31 July 2021

Lucian Freud and Caroline Blackwell, but God too


I love these two portraits of Caroline Blackwell by Lucian Freud, and they are everything I love in a portrait but are so very different in many ways. They both exemplify a rigorous discipline to detail, yet they haven't been damaged by any loss of unity, pictorial or graphic. 

Lucian Freund had a very colourful love-life, to say the least, and I believe that Caroline Blackwell was his first of many wives.

These are early pictures, so unlike his paint-laden portraits which came later. This top one is perhaps the earliest, and it is quite stylised, but not without real feeling for what it means to be human, as empathy comes to mind. Because of the cat, held firmly in her right hand, it feels like a whimsical cartoon, the poor cat! (there is obviously a hidden joke here somewhere, maybe, even an erotic one). 

The British can get away with this eccentric wry humour in Art, but it's a reminder too, that the Brits really love Painting (unlike the French!) (But that is another story for another day).

The portrait below is my real favourite. It is as good as Portraiture can ever get. Like a hummingbird, a modern spirit of Holbein seems to hover around all its ephemeral details.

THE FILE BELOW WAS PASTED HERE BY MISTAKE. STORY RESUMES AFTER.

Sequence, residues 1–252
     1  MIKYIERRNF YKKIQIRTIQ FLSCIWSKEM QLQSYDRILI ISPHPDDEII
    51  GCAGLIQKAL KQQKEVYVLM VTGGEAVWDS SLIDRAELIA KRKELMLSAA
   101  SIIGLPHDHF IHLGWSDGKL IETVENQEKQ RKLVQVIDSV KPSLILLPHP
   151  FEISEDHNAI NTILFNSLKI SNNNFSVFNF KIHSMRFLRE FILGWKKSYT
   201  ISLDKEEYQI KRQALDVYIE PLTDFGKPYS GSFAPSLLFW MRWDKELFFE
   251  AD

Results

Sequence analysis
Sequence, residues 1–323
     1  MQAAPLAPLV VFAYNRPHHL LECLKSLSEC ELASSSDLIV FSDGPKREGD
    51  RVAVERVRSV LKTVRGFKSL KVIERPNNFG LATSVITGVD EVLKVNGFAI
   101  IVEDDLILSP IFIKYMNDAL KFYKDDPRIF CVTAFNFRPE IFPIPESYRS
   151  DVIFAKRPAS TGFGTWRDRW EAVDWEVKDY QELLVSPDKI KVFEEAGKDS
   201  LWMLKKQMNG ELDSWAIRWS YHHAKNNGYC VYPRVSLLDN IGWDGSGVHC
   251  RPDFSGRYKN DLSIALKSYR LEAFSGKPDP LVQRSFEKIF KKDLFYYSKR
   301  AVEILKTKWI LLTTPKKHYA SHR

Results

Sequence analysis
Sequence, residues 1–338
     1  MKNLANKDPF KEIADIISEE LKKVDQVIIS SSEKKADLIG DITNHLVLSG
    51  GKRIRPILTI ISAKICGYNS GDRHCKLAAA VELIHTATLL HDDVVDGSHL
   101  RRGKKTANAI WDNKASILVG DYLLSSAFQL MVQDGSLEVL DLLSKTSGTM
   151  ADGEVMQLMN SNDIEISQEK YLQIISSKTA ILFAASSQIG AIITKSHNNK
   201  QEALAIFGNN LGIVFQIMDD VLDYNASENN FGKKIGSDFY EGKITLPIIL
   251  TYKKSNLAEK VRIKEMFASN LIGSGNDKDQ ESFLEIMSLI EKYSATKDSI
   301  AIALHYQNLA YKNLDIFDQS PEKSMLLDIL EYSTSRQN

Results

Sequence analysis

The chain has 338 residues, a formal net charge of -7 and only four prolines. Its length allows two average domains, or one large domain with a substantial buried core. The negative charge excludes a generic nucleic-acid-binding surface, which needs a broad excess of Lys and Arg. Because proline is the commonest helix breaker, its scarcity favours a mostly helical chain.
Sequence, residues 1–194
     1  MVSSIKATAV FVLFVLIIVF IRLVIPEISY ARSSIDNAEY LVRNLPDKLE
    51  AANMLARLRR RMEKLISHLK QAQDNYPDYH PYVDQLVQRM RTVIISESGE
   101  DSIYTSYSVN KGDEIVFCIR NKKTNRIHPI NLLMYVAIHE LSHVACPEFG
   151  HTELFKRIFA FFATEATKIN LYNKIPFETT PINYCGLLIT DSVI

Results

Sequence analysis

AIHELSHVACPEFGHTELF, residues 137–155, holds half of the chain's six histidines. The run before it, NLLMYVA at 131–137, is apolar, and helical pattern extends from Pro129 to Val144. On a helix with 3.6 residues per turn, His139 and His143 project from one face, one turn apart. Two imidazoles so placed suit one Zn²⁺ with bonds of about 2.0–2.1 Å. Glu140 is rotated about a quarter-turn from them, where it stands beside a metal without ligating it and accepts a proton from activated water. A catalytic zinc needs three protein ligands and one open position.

There is so much to say about it but I won't, not today anyway, another day perhaps. It's the kind of rare portrait which simply leaves one without those bothersome words when looking at Art. But, I will cite what Freud once said about Painting:

“An artist should appear in his work no more than God in nature. The man is nothing; the work is everything.” 

Happy August everyone!
and XXX from the seaside here in Australia!


  1. Nice choices. I'd say that your favorite has a bit more narrative than the hummingbird of Holbein. Is it the linear elegance and simplicity you admire or perhaps the muted palette? Whatever, it reeks of sensitivity and introspection. I love it too.

    1. everything about both, thanks for the comment ,,, will call this week